Self-Prediction vs Contrastive Learning: Examples

Contrastive Learning - Learning Embedding Space wheer similar objects are grouped together

In the dynamic realm of AI, where labeled data is often scarce and costly, self-supervised learning helps unlock new machine learning use cases by harnessing the inherent structure of data for enhanced understanding without reliance on extensive labeled datasets as in the case of supervised learning. Simply speaking, self-supervised learning, at its core, is about teaching models to learn from the data itself, turning unlabeled data into a rich source of learning. There are two distinct methodologies used in self-supervised learning. They are the self-prediction method and contrastive learning method. In this blog, we will learn about their concepts and differences with the help of examples.

What is the Self-Prediction Method of Self-Supervised Learning?

In self-prediction, some parts of the input data are changed or hidden and the model is trained to reconstruct the original inputs. Let’s understand how it relates to self-supervised learning.

  • Starting with raw data: Imagine you have a collection of images but no labels or annotations describing those images. Your goal is to learn useful features or representations from these images without any explicit guidance.
  • Creating a learning task: To teach your model something useful about the data, we artificially create a task. We do this by modifying the original images in some way and then asking the model to predict the original, unaltered image. For example, we might hide parts of an image (such as by applying a mask that covers a portion of the image) and then train your model to fill in the missing parts.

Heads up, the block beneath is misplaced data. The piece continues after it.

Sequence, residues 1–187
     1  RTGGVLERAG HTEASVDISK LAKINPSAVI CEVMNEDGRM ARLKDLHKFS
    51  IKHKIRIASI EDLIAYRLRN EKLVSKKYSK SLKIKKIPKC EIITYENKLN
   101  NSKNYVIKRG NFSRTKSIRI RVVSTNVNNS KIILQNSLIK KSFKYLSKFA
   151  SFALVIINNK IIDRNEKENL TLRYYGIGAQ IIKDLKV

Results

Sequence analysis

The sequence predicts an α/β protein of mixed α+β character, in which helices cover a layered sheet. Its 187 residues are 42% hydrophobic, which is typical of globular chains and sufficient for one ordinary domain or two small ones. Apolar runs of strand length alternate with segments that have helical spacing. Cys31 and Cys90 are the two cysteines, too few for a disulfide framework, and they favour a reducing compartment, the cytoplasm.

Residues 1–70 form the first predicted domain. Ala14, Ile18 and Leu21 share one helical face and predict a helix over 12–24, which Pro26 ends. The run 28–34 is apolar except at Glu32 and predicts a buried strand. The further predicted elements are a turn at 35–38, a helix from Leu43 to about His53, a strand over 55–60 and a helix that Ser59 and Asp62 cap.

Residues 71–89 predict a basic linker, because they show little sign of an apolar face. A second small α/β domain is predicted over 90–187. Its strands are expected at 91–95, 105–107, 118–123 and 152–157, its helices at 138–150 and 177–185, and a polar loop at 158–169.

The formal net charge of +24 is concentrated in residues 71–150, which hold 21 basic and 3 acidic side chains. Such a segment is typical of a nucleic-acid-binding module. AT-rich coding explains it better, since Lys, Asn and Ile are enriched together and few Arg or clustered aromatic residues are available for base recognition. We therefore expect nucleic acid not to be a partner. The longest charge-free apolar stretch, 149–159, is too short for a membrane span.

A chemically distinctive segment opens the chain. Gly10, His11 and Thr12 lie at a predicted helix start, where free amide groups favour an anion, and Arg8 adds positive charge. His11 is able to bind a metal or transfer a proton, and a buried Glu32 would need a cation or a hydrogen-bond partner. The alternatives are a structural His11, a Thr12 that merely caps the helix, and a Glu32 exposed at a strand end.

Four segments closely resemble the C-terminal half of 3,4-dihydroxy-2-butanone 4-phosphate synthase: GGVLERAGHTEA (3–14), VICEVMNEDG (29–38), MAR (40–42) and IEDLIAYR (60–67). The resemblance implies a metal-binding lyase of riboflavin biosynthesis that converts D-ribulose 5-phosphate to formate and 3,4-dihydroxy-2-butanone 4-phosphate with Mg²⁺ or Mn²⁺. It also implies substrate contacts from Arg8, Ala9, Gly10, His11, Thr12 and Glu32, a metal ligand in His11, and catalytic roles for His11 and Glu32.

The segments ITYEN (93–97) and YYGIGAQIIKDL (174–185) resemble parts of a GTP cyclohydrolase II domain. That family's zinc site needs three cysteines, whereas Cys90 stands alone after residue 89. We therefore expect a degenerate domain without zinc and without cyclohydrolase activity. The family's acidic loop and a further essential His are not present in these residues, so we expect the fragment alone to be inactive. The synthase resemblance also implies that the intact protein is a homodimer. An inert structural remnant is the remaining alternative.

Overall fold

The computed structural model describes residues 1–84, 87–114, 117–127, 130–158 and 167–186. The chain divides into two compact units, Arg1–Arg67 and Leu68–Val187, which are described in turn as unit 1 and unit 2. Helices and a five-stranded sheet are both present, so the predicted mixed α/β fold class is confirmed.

• Learning by prediction: The process of trying to reconstruct the original images forces the model to learn about the underlying structure of the data. To successfully predict the missing parts, the model needs to understand context, shapes, textures, and possibly even higher-level concepts like objects and their interactions within the image. These are the kinds of features that are useful for a wide range of tasks, even though the model wasn’t trained for any specific task to begin with.
  • Self-supervision through self-prediction: In this scenario, the “label” for each training example is part of the input data itself. The model uses the visible parts of an image to predict the hidden parts. This self-generated label provides a form of supervision that guides the learning process, hence the term “self-supervised learning.”

The following is a classic example of a masked autoencoder used for a self-prediction task. The masked autoencoder is trained to reconstruct the masked image and that in turns learns about context, shapes, textures, etc about the object. Read more about the topic in the book “Machine Learning Q & AI” by Sebastian Raschka.

What is the Contrastive Learning Method?

Contrastive learning is a powerful technique in the toolbox of self-supervised learning, leveraging the idea that a model can learn useful representations by comparing different pieces of data. In contrastive learning, neural networks are trained to learn an embedding space where similar inputs are grouped and dissimilar ones are placed far apart. In essence, the network learns to cluster embeddings of similar inputs close to each other in the embedding space, much like you grouping people from the same family in your mental map. For example, for images, similar inputs could be different pictures of the same object or scene, and dissimilar inputs could be pictures of entirely different objects or scenes. The picture below represents the same.

contrastive learning - learning embedding space where similar objects are clustered together

The supervision comes from the data itself—specifically, the relationships between different pieces of data. The model doesn’t need external labels to learn meaningful representations; instead, it learns by understanding the concept of similarity and dissimilarity within the data. This is self-supervised learning because the model generates its supervision based on the task of contrasting positive pairs against negative pairs.